The balance of payments (BOP) yielded a surplus of US$2.0 billion in Q4 2009, a reversal of the US$1.5 billion deficit registered in the same quarter a year ago. Underpinning the favorable development in the country’s external payments position was the robust performance of both the current and capital and financial accounts during the quarter. The external sector accounts benefited from the modest rebound in global economic activity and improved investor risk appetite particularly for emerging market assets. The Philippine economy’s sound macroeconomic fundamentals likewise contributed to the strong external payments dynamics. As a result of these positive developments in Q4 2009, the country’s BOP position in 2009 surged to a US$5.3 billion surplus from only US$89 million in 2008 as the global economic recovery gained headway and as the relative strength of the country’s underlying macroeconomic fundamentals encouraged capital inflows into the domestic economy.
Supported by a robust BOP position, the country’s gross international reserves (GIR) rose to US$44.2 billion as of end-December 2009. This was higher by 17.8 percent compared to the end-December 2008 level of US$37.6 billion. At this level, reserves could adequately cover 9.0 months’ worth of imports of goods and payments of services and income. In terms of short-term external debt coverage, the reserves level was 9.9 times the amount of the country’s short-term external liabilities based on original maturity and 4.2 times based on residual maturity.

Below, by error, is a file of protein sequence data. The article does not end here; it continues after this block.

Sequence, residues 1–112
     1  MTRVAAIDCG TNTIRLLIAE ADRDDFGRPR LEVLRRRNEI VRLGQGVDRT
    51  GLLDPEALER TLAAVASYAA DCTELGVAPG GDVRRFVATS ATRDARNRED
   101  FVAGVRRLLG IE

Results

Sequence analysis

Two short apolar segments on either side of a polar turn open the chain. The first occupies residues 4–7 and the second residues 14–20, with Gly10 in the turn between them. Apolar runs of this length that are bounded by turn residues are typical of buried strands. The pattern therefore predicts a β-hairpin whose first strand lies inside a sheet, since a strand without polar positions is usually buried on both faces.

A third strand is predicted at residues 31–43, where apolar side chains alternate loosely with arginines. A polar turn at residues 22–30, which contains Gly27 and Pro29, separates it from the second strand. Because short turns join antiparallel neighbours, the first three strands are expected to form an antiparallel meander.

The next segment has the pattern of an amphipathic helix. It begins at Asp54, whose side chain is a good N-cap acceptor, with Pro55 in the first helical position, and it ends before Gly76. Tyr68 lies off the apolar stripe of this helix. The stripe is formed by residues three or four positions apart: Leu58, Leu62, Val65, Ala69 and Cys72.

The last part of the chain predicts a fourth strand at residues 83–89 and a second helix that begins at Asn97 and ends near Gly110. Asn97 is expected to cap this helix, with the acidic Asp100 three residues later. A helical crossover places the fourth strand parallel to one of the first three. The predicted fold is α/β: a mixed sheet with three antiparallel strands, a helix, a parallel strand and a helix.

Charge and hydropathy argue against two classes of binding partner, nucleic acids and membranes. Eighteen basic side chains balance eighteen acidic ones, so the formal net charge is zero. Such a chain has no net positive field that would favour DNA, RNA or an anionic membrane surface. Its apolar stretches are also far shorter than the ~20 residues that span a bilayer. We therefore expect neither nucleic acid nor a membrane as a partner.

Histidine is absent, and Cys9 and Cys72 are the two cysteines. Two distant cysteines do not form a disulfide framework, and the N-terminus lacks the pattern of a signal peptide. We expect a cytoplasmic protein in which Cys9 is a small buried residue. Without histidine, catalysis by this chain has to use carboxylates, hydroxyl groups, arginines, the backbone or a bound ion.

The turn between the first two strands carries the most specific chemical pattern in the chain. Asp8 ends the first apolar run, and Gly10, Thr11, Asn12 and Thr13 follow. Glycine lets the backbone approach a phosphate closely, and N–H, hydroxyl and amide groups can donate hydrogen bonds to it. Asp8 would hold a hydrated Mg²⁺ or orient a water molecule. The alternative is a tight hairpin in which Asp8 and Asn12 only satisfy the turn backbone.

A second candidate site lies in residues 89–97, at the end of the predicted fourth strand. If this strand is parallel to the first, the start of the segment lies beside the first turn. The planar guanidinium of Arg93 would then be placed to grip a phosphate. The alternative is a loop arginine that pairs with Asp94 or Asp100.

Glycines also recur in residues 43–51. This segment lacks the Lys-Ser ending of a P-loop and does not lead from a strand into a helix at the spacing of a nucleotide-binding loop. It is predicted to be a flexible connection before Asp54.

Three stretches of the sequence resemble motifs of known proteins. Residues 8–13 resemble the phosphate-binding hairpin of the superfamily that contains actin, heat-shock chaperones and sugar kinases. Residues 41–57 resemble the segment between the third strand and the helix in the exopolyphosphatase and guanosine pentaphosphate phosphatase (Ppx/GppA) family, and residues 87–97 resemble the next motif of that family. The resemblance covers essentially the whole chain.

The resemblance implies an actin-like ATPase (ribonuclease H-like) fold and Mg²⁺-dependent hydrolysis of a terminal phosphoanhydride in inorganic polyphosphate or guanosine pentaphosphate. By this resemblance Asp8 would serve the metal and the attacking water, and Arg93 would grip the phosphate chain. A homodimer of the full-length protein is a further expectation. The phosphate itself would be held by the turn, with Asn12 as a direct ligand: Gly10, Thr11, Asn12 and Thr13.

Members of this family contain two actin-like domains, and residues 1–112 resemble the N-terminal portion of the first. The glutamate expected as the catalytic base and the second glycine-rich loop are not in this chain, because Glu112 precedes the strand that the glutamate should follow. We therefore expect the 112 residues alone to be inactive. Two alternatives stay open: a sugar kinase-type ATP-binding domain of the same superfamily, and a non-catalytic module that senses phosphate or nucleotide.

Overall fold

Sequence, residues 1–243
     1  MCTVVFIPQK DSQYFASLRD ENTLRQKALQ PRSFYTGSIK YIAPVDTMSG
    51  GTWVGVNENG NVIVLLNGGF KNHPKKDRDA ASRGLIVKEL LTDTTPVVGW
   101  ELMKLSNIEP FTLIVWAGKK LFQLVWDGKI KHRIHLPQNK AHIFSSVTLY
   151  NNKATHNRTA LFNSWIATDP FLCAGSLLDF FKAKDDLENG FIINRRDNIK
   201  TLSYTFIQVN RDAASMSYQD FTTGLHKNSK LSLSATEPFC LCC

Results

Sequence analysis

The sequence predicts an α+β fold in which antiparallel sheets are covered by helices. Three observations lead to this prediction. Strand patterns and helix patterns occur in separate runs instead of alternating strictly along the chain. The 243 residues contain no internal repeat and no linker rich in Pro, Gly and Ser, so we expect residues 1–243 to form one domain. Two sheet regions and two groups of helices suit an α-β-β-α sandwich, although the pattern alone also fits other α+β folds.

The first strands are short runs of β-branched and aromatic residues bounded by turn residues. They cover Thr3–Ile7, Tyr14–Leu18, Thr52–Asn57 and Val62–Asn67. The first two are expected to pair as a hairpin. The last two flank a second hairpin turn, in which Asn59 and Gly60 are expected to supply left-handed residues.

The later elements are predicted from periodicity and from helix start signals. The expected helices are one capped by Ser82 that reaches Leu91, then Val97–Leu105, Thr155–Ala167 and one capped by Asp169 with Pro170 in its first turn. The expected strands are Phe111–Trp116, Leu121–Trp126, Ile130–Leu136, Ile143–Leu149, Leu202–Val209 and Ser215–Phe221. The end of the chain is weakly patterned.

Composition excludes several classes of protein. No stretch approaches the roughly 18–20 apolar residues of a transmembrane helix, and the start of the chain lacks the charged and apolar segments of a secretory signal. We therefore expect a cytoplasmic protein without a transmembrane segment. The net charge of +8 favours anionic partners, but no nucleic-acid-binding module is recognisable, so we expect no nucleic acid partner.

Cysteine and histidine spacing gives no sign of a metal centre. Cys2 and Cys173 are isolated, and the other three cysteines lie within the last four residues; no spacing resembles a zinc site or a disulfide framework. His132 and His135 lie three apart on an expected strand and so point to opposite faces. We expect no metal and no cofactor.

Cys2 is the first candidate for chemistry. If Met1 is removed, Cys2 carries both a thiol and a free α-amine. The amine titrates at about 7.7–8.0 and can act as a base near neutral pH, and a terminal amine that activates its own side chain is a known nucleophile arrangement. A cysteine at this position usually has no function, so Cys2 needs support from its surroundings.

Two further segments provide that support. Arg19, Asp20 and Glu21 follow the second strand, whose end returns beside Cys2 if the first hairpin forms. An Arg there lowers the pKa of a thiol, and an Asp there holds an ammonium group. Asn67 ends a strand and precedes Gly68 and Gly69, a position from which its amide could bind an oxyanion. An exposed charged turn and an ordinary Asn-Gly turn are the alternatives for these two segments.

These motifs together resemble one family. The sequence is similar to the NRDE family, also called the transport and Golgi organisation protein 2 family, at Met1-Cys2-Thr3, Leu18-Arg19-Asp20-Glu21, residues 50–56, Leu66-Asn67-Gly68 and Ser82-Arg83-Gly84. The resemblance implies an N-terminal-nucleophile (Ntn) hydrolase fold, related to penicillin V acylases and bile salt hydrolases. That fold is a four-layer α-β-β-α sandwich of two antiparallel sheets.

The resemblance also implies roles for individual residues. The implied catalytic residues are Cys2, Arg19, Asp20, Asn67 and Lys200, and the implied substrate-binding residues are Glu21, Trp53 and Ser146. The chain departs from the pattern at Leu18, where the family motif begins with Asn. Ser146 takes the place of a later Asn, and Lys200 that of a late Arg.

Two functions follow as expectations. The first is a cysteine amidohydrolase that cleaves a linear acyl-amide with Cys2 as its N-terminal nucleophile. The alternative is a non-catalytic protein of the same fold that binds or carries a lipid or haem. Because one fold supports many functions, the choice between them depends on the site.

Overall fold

Fourth Quarter 2009 Developments
Current Account. The current account balance posted a higher surplus of US$2.7 billion (equivalent to 5.8 percent of GDP) compared to the US$2.3 billion surplus (equivalent to 5.3 percent of GDP) in the same quarter in 2008, supported mainly by higher net receipts of current transfers and income, combined with the lower trade-in-goods deficit.
The trade-in-goods deficit narrowed to US$2.0 billion from US$2.2 billion in the same quarter a year ago following the rebound in merchandise trade in November and December. Exports growth (4.9 percent) outpaced that of imports (2.6 percent) during the quarter in review. After registering monthly declines since October 2008, exports of goods posted positive growth in November and December as demand from major trading partner countries started to pick up. Exports during the quarter rose to US$10.5 billion from US$10.0 billion in the comparable period a year ago. Consistent with the developments in exports in the last two months of 2009, imports of goods rose to US$12.5 billion in Q4 2009 from US$12.2 billion in the same period a year ago. The increase in imports was observed across all commodity groups.
The trade-in-services account yielded net receipts amounting to US$304 million in Q4 2009. This level was, however, lower by 40.2 percent than the US$508 million surplus posted in the same quarter in 2008 as a result of higher net payments for travel, transportation, operational leasing, government, financial and personal, cultural and recreational services combined with lower net receipts from communication and construction services. The downward pull of these transactions on the trade-in-services balance was partly mitigated by the higher net receipts in business process outsourcing (BPO)-related transactions, namely: miscellaneous business, professional and technical services which grew by 6.0 percent to US$901 million, and computer and information services which expanded by 5.2 percent to reach US$385 million during the quarter.